- Written by Doris Montag Doris Montag
Playing with small, round balls may have started with cave people. Clay balls have been found in the tombs of Egypt, in Native American burial grounds, and in the ancient Aztec pyramids.
Smooth stones, nuts, fruit pits, and fired balls of clay were used for games. In the 1700s the globes were made of white alabaster, a marble stone — hence the name “marbles.”
Hand-blown glass marbles were made in Germany between the 1860s and 1920s. A “glass marble scissors” had been patented to cut the ball of molten glass, thus creating small globes.
In the heating of the glass, the form was rolled in colored sand, creating the patterns in the marbles. Swirl-design marbles were made into the 1920s. The German glass-blowing companies closed after World War I.
Machine-made marbles were created in America during the 1920-1940s. The Christensen Agate Company of Akron, Ohio, produced a machine where hot glass was dropped onto steel rollers to shape the glass into smooth marbles.
Recognized names like Akro Agate, Peltier Glass, and Master Made Marbles made marbles of baked clay, glass, steel, plastic, onyx, and agate. By the 1940s, the Catseye, produced in Japan, became the most popular marble of our era.
Today, Vacor de Mexico is the largest maker of machine-made marbles, producing over 90% of the world’s supply.
The individual marble names may relate to their use, such as the “shooter.” Others are named for the material they are made of, such as “Steelies” from steel and “Alleys” from alabaster. Flints, Cloudies, Corkscrews, and Peerless Patches refer to the appearance.
Other names include China, Aggie, Commie, End of Day, Bennington, Onion Skin, Mica, Bamboozer, Popeyes, Sparklers, and Moonies.
The standard marble is a half-inch in diameter. These small marbles are called “ducks” or “mibs.” They are the marbles that players try to knock out of the ring drawn on the ground. The large marble, called the “shooter” or “taw,” is generally three-quarters of an inch in diameter and is used for shooting the “mibs.”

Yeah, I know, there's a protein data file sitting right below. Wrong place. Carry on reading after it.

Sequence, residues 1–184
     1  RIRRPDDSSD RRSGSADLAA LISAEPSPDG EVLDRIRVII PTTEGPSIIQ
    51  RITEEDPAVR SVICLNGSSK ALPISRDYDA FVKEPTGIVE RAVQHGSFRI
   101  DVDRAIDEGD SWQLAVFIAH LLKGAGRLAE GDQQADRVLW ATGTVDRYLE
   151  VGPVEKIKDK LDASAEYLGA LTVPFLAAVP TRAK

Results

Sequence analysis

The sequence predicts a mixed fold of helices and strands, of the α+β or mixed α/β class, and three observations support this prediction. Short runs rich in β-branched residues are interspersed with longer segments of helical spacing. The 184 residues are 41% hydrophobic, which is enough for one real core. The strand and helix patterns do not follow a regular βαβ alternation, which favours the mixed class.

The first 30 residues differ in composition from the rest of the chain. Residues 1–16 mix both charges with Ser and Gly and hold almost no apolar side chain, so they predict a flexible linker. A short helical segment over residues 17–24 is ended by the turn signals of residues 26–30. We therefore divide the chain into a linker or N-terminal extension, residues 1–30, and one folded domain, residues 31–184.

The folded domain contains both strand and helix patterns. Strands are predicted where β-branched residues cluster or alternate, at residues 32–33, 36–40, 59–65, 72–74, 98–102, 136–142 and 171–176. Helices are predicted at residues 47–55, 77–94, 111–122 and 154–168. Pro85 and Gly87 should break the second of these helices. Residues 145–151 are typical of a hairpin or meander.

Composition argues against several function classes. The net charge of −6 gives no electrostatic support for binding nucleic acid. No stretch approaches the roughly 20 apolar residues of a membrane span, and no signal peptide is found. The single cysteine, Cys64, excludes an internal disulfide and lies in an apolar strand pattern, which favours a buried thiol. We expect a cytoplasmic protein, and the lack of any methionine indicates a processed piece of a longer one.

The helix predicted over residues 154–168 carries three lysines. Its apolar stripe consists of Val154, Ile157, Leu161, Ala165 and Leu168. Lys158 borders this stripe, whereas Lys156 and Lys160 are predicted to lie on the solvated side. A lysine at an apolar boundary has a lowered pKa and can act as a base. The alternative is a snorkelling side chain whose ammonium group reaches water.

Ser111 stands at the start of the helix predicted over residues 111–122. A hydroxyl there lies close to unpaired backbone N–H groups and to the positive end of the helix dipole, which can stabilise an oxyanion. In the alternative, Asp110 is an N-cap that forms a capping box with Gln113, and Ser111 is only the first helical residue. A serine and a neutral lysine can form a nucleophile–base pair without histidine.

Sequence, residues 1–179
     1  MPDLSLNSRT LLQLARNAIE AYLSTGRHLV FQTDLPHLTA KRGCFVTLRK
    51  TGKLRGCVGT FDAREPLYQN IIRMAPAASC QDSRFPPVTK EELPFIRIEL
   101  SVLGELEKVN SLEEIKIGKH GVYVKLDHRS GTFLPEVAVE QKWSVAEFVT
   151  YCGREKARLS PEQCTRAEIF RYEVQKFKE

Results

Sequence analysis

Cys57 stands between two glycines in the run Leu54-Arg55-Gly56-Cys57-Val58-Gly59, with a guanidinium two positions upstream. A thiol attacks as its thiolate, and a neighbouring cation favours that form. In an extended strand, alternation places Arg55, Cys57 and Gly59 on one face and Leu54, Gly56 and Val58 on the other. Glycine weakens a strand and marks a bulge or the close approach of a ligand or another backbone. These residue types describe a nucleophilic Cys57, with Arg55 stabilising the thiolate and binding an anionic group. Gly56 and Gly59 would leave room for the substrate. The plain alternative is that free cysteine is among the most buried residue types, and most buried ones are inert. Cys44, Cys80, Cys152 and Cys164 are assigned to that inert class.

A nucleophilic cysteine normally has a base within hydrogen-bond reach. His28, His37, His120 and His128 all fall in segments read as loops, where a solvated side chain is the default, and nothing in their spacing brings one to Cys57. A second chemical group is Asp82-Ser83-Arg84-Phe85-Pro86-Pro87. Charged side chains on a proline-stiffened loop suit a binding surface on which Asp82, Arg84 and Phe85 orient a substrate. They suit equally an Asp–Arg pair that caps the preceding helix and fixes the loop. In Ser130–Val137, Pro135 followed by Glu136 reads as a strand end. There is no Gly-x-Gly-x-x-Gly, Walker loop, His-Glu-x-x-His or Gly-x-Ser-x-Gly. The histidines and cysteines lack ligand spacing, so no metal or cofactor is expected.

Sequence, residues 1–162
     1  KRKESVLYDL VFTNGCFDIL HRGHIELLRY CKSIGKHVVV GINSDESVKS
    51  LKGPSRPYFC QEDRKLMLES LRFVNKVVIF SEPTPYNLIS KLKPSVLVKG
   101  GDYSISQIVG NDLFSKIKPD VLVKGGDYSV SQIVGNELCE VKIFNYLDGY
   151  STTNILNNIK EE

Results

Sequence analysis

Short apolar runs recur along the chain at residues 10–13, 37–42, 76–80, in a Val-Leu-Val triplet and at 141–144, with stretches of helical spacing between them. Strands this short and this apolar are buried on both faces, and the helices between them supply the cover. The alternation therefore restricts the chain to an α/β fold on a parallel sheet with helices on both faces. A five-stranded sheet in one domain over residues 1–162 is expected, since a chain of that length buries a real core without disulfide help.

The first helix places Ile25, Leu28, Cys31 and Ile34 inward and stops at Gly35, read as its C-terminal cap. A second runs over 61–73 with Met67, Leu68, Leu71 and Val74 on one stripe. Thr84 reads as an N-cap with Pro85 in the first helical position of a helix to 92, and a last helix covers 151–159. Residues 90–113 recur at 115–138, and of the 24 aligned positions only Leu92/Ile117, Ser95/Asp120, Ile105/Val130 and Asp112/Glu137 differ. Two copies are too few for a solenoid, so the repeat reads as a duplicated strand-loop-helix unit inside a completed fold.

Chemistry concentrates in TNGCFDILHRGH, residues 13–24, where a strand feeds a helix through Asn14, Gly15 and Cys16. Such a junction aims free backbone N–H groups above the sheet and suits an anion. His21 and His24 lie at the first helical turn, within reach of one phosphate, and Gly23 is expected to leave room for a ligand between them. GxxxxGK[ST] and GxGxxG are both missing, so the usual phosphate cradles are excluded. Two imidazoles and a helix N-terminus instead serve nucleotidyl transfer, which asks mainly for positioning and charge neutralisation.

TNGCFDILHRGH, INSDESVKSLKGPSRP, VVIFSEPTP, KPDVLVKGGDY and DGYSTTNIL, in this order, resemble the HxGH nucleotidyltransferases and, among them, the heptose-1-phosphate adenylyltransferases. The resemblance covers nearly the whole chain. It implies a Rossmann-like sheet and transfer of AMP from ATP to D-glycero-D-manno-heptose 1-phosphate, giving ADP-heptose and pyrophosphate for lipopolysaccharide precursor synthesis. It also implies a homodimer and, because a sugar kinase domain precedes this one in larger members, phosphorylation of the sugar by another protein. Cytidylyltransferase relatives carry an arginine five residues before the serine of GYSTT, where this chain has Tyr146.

There are hundreds of variations of marble games. The classic game, ring taw, or ringer, was the most popular game in the United States. A 3-foot ring is drawn on the ground with 10-15 small marbles (mibs) placed within it. Players take turns attempting to knock them out of the ring from outside the circle.
In advance, players agree to play “for fair,” which means every player keeps their marbles. Or to add excitement and drama, many play “keepsies” (for keeps), where the player who knocks all the marbles out of the ring gets to keep all the marbles.
If the shooter does not knock a marble out of the ring, it remains in the circle. If a player then knocks your shooter out of the circle, they instantly win. If this does not happen, the player shoots from within the ring on their next play.
Marbles were very popular until World War II. The game waned as kids were drawn to TV (Saturday morning cartoons), followed by video gaming. A resurgence in the 1970s revived the game, or at least marble collecting, with large-scale collector competitions.
Several YouTube videos have good discussions of marble values that vary by type, production method, and age. A single marble can be priced from $1 to $100. You must know your marbles.
Marbles are now a nostalgic memory of the past. Few play today.
Doris Montag is a homespun historian and an exhibit curator who researches and displays historical collections of ordinary things, such as can openers, crochet, toy sewing machines, hand corn planters, powder compacts, egg cartons, and more. Contact or follow her on Facebook, HistoryofOrdinaryThings.